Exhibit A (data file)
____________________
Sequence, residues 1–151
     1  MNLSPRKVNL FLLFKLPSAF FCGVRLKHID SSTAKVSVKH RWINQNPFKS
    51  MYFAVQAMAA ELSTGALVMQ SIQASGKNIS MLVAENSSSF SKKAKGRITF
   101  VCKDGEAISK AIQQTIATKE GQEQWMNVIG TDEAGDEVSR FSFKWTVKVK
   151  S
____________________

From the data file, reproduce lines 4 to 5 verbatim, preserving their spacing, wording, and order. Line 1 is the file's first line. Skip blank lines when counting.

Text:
   101  VCKDGEAISK AIQQTIATKE GQEQWMNVIG TDEAGDEVSR FSFKWTVKVK
   151  S